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October 2020

SMOKE CHASE . . . Between the covers

Jack Callan’s debut novel Smoke Chase introduces John Chase, a six foot, sixteen stone army veteran of colonial wars, now working with the embryonic Special Branch, a police department set up to combat the violent threat of Fenian revolutionaries in late 19th century London. It is the winter of 1885 and, as always, Chase is operating very much undercover, dressed as a working man.

smoke001After a long night shift, Chase is having his breakfast in a cafe when he is alerted to a bomb going off in the vicinity of nearby Tobacco Dock. When he arrives on the scene he finds a dead man – or, at least, what remains of him – but in what is clearly a set-up he is pounced on by a number of police officers, and hustled off in manacles to 26 Old Jewry, the HQ of The City of London Police.

Despite providing his warrant card, Chase – and a union official called Burns are taken to a rotting prison hulk moored in the Thames. Chase soon worked out that he and Burns are being targeted because they have come too close to a huge web of corruption involving a gang of bent import-export fraudsters aided and abetted by senior police officers.

Chase overpowers his guards and escapes to the shore where he begins to plot the downfall of Mordecai and Elisha Smithson, the gangsters who are in charge of the smuggling ring. We have pretty much everything served up from this point on including, in no particular order, rape, torture, Russian thugs, suicide, enough stabbings and shootings to fill a morgue, families being kidnapped and depraved assassins. Participants fall like flies, even unto the last paragraph of the last page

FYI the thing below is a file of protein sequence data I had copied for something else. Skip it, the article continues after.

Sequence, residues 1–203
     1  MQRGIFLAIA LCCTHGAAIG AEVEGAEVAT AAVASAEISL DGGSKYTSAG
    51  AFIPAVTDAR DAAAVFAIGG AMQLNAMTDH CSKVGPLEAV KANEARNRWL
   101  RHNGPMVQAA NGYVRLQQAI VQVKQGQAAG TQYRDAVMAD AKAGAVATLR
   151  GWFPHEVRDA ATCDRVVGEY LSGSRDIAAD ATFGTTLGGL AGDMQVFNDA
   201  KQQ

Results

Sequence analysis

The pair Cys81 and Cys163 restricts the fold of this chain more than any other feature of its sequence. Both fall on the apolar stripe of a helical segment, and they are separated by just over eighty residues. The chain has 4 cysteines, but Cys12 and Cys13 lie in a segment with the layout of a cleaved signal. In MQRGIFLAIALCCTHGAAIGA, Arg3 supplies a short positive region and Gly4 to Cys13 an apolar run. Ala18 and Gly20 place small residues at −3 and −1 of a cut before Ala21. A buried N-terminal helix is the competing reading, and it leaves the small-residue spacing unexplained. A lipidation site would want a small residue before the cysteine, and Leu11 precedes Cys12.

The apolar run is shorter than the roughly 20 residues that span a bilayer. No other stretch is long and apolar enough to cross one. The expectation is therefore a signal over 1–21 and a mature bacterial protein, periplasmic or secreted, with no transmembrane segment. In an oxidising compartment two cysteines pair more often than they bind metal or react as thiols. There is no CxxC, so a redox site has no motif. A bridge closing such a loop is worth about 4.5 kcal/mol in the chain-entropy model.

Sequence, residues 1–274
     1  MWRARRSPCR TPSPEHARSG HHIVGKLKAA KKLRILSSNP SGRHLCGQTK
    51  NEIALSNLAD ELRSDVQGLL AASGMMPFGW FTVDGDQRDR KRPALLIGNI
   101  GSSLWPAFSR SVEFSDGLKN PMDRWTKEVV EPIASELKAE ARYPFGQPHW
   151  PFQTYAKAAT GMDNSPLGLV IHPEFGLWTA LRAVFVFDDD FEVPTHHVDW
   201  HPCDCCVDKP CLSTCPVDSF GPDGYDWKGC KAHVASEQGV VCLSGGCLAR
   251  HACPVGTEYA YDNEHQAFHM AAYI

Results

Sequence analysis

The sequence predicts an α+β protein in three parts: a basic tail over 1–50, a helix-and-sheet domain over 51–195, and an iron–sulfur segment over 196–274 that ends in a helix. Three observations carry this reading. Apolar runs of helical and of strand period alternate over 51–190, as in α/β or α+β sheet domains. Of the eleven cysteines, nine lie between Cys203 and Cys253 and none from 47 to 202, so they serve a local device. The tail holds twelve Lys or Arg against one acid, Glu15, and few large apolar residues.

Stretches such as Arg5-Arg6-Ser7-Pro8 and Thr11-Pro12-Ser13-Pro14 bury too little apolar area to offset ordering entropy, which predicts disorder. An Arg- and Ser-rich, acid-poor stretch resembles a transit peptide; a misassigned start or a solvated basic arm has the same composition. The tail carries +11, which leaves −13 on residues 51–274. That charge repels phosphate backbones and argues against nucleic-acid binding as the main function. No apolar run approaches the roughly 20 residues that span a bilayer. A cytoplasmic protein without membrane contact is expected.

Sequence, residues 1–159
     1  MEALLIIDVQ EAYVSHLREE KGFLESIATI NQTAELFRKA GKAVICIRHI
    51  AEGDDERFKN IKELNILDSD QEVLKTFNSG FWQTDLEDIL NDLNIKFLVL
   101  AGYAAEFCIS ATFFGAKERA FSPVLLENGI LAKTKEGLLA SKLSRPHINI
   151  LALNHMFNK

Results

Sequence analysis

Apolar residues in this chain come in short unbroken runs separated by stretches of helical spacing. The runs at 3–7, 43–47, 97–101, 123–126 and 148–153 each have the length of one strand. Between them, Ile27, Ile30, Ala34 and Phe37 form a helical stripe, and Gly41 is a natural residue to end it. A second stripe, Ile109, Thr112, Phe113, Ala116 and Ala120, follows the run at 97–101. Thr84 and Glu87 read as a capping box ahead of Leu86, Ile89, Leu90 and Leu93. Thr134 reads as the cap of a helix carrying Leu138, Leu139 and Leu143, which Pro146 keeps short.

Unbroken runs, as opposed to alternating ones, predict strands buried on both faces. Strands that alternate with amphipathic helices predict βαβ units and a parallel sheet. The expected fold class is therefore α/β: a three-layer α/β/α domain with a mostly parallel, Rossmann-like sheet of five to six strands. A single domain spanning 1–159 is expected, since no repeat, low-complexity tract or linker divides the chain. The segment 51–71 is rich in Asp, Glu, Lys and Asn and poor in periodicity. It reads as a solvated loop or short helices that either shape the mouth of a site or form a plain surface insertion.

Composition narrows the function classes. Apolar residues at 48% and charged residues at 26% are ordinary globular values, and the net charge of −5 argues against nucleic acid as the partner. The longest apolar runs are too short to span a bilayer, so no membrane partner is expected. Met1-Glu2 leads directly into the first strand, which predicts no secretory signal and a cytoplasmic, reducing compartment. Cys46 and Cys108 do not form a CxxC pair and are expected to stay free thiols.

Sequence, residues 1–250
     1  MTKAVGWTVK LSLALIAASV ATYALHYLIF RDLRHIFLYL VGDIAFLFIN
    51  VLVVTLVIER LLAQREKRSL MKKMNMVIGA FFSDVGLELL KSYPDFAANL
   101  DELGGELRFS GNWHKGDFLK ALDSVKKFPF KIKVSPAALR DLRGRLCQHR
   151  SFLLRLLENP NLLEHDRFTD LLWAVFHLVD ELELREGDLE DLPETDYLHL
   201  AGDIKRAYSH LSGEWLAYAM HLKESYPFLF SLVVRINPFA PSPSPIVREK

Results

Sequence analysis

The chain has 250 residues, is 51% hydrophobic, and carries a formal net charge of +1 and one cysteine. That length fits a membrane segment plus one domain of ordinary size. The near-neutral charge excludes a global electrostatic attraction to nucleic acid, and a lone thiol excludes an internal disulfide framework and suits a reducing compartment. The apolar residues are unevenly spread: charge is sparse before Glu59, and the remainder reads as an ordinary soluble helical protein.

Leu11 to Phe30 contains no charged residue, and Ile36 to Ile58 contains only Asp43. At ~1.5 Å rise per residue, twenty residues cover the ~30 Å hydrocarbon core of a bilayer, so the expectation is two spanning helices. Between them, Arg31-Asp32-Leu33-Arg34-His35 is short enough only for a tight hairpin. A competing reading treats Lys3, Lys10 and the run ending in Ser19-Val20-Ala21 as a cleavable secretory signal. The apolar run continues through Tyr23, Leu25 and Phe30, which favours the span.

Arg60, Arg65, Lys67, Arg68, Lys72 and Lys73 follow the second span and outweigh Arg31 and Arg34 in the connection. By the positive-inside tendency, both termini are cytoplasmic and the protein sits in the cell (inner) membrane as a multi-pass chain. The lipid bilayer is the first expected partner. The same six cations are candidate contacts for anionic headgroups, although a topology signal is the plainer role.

John Chase is rather like a modern-day Bulldog Drummond, and the novel, despite the gore, harks back to a more innocent time when characters like Dick Barton overcame even the most beastly assailant – “with one bound he was free!”

Jack Callan has certainly done his homework, however. The topographical background – London’s dockland when it was it was a rough and tumble working environment, the Lea Valley and the sordid nooks and crannies of East London – is enthusiastically painted,and we even have fleeting acquaintance with the music hall singer Bessie Bellwood and the women’s rights campaigners Annie Besant and Elizabeth Garrett Anderson.

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To borrow a cliché beloved of football commentators, Jack Callan leaves nothing in the changing room. Smoke Chase has enough blood and thunder to satisfy the most demanding addict. Callan’s debut novel is published by Matador and is out now.

For more novels set in Victorian England,
just click on the image of Her Majesty.

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PAST TIMES – OLD CRIMES . . . Somebody’s Sister by Derek Marlowe

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ss4Brackett discovers that the dead girl was selling herself to feed a drug habit, and that she went under different names. There’s no money in the case but with a sense that his business is going nowhere fast, Brackett puts some time – and his dwindling supply of cash – into discovering who would want the girl dead. He trawls a familiar sea of locations much loved by hardboiled PI novelists – bars, skin joints, pay-by-the-hour hotels and boxing gyms. Driven by no other motivation than a desire to give the dead girl some kind of identity and being other than the tag tied to her big toe in the police morgue, he uncovers a web of greed, lust and exploitation.

ss2There is probably an MA thesis to be written on the subject of authors who have written a ‘Chandleresque’ novel. These books will feature a slightly down-at-heel but morally staunch private investigator, a man who reluctantly immerses himself in the sleazy underworld of murder and general criminality, but always has a sarcastic and cutting one-liner on his lips. How well does Marlowe’s novel sit within this genre? Walter Brackett doesn’t do sharply funny one-liners, that’s for sure, but he is a lonely man, far more so than, say, than that other hero of the mean streets, Robert B Parker’s Spenser. Brackett shares with other PIs a relationship with the police that is, at best, mutually ambivalent but, like Newman in Janet Roger’s outstanding recent contribution to the genre, Shamus Dust (2019 – click to read the review) has a code of conduct that is more humane and decent than his contemporaries who wear a badge or a uniform.